To put it in the simplest of terms, the basics of physician group practice management involves two parallel processes. One is getting the patient through the system. The other is getting the claim form through the system. It's that basic. Both processes have associated measures, metrics, and work flows that can be tracked. Dashboards and metrics show unfavorable trends long before financial statements disclose suboptimal results.

The basics of running a hospital are, in fact, quite different from the basics of running a physician practice. Hospitals, medical schools, and ambulatory care organizations all desperately need to recognize physician practice management as the profession it is. Practices need qualified professional managers just as other parts of the organization have. I am convinced that the subsidies we pay to our physician organizations would diminish greatly if our organizations recognized and sought out the unique skill set required to be a physician practice executive. (Can your physician practice leaders pass the American College of Medical Practice Executives certification exam?)

Get the Right Team and Culture in Place

Running the physician enterprise of our organizations is a complex, high maintenance undertaking. Most of the time, one must serve many masters with competing agendas-a university, a school of medicine, a particular department chair, a "superstar" physician, a hospital, a payer. Often, our energies are absorbed by the crisis of the day, created more by big egos than market needs. It's easy to forget that it's about the patient! A worthwhile exercise is to assign an executive team member a one-day task: In all the senior leadership meetings attended any given day, count how often the word patient is spoken. Has your organization lost its focus?

Many of our organizations need to do a better job of serving patients and communities. Case in point: I often see organizations whose own staff go elsewhere for their personal care.

Culture is created at the top levels of organizations. If the C-suite is doing its job, a patient-centered culture permeates the organization. However, it takes a team for this to happen. Whenever I see great teams that believe in open communications, healthy conflict, holding each other accountable, delivering results, supporting each other personally, and sharing the credit for successes, I see great organizations. When the inner circle at the top level of the organization is dysfunctional, nothing works. Well-meaning management and hard-working staff cannot make up for the fatal flaws at the top of organizations that haven't put the right team and culture in place.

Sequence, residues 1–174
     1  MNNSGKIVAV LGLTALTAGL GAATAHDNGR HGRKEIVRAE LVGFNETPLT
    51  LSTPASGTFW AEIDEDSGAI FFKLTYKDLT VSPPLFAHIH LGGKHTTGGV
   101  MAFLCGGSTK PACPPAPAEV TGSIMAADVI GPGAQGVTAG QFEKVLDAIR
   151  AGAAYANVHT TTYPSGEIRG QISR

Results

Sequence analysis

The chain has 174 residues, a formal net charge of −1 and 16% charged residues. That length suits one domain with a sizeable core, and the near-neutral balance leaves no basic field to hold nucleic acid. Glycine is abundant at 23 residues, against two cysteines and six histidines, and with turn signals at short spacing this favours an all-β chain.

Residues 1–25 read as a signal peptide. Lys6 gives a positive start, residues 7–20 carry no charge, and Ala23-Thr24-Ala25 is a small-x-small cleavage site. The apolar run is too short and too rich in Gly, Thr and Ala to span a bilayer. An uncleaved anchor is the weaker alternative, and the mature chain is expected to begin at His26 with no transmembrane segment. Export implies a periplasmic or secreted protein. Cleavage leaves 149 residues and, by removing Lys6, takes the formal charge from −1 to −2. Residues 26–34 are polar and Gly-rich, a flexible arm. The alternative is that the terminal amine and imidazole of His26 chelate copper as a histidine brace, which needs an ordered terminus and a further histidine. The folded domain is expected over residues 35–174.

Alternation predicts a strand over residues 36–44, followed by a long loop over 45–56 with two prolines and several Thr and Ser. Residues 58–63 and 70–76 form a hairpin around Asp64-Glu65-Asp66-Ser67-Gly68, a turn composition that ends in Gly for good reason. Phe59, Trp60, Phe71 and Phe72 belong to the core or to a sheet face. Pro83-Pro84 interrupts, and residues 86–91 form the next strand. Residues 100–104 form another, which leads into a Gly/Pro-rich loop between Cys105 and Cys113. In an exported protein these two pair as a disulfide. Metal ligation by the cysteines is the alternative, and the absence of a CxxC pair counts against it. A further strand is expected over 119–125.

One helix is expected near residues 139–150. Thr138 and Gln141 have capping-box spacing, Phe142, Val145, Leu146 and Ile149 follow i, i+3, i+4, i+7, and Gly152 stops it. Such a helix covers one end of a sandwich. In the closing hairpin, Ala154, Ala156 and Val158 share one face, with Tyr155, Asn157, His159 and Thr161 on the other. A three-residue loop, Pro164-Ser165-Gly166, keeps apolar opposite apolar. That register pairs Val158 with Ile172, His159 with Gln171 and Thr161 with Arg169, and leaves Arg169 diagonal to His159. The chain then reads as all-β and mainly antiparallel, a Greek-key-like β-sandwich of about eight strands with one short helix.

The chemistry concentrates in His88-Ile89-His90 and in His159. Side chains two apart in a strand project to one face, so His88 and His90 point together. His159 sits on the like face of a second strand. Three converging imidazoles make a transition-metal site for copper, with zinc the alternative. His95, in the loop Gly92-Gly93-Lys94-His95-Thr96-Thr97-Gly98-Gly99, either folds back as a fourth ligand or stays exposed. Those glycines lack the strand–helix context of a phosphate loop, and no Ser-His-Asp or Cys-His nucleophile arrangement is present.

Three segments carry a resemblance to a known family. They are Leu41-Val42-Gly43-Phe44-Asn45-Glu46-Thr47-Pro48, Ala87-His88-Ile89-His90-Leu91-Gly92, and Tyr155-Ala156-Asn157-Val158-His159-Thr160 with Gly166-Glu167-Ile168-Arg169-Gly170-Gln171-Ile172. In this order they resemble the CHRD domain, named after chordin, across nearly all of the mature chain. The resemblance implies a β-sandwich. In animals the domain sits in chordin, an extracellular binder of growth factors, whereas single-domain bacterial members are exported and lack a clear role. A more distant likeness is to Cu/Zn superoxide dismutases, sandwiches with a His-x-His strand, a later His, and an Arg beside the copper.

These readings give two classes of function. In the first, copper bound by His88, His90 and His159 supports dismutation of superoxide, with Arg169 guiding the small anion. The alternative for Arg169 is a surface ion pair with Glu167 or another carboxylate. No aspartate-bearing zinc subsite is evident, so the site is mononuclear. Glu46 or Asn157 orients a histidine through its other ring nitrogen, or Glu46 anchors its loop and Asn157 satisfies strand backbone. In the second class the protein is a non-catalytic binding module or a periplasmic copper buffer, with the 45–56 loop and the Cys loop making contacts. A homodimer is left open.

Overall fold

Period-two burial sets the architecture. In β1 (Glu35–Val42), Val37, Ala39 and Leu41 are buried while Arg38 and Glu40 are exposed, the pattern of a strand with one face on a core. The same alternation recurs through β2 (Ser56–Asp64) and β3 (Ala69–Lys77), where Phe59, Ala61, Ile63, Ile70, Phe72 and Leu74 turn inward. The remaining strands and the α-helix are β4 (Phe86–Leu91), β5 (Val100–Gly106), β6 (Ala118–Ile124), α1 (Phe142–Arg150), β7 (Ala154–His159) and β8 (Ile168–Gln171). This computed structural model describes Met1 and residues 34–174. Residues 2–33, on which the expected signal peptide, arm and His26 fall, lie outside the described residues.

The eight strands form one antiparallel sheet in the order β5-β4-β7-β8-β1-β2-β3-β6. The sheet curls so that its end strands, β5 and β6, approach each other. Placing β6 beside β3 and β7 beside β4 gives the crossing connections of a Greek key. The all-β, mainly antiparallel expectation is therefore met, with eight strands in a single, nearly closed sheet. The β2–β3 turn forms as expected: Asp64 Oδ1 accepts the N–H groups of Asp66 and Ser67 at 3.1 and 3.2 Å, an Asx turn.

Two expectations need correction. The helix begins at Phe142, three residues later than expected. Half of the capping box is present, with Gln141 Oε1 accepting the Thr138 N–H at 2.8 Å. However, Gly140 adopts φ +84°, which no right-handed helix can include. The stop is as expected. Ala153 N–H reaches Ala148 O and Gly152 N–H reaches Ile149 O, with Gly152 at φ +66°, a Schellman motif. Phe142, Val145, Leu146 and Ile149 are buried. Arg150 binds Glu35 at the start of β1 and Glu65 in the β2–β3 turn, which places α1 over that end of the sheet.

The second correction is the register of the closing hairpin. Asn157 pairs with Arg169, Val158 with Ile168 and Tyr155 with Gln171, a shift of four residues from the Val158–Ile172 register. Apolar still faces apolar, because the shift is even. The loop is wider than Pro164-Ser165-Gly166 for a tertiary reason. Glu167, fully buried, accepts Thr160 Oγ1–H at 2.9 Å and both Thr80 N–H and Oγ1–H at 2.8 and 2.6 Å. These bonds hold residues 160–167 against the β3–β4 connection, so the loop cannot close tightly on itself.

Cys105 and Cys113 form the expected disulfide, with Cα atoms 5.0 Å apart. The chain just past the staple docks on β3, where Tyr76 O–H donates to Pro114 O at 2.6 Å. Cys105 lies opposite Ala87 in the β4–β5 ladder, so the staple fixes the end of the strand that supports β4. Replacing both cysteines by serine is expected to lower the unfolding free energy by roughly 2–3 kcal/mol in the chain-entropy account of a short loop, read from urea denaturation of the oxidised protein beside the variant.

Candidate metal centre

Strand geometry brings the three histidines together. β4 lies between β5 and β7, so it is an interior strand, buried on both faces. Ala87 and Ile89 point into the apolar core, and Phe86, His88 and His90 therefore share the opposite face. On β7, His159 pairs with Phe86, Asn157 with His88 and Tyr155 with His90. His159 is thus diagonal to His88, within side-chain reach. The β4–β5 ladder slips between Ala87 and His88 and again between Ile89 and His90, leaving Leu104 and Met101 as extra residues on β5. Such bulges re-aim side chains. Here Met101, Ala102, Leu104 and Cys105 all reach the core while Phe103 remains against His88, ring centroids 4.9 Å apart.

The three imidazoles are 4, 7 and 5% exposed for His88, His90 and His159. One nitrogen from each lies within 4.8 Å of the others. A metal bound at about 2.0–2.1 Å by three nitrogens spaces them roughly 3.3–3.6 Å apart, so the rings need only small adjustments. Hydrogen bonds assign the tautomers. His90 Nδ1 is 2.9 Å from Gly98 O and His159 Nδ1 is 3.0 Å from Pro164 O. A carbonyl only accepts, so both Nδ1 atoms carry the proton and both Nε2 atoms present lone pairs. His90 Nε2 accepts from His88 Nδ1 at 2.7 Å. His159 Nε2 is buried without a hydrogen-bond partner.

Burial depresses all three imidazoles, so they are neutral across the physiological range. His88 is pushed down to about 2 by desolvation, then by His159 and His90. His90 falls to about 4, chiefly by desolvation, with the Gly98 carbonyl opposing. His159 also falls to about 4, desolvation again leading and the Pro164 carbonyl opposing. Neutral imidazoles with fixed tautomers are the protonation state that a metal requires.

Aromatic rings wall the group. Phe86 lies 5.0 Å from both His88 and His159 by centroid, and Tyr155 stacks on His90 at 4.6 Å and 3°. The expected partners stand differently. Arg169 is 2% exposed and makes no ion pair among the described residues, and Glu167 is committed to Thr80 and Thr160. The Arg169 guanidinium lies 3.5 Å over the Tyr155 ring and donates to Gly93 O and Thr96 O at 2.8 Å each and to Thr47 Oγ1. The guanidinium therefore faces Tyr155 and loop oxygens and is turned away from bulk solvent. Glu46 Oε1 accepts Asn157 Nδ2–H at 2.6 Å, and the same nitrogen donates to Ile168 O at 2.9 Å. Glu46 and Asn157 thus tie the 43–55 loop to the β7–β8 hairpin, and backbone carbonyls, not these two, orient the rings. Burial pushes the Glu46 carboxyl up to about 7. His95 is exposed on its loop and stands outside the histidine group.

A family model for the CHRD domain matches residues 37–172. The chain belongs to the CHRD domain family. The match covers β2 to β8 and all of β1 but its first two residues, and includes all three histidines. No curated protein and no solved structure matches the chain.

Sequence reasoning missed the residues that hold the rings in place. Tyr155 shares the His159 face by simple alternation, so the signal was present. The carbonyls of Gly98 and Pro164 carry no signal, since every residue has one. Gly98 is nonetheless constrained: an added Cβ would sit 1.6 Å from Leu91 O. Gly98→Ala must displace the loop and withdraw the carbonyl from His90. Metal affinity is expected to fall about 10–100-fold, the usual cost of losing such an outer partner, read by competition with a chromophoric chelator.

Hedge Your Bets

If we recognize that good decisions do not always result in good outcomes, and bad decisions do not always result in bad outcomes, it takes some of the pressure off leadership. A crystal ball just isn't that good in an era of rapid change. Your best idea may not work. Hedging your bets means when you fight hard for a certain outcome, someone on your team should make their best argument for the opposite decision. But that's not how organizations work. We put all of our energy into supporting our own position. Or fear of failure paralyzes us, and we do nothing at all. In our planning processes, we need to have the courage to state the worst-case scenario and to have a plan (an exit strategy) should the worst occur. Jobs are lost, and organizations suffer when leaders hold onto their programs, ideas, and people much longer than they should.

One of the most painful things I ever had to do in my career was to take apart something I personally built. I absolutely believed in the program I had brought from concept to reality. It was my "baby," and I was proud of it. I agonized over how a shut-down decision would affect peoples' jobs and lives. I grieved over the loss of my own dream. But in the end, continuing to subsidize something that was no longer mission-critical would have caused other programs to suffer, and would have limited resources needed to be applied where the greatest good could result-for the patient.

Good Luck. You'll Need It.

Maybe Wachovia should have listened to Thurmond's wisdom. Perhaps the healthcare industry will. We, too, need to stop the bleeding, get back to basics, get the right team and culture in place, hedge our bets, and when all else fails, hope we have some good luck.

 



MarieAnn North, FACMPE, is CEO, Posada Consulting, Charlotte, N.C. (MNorthTHG@aol.com).

Publication Date: Thursday, January 01, 2009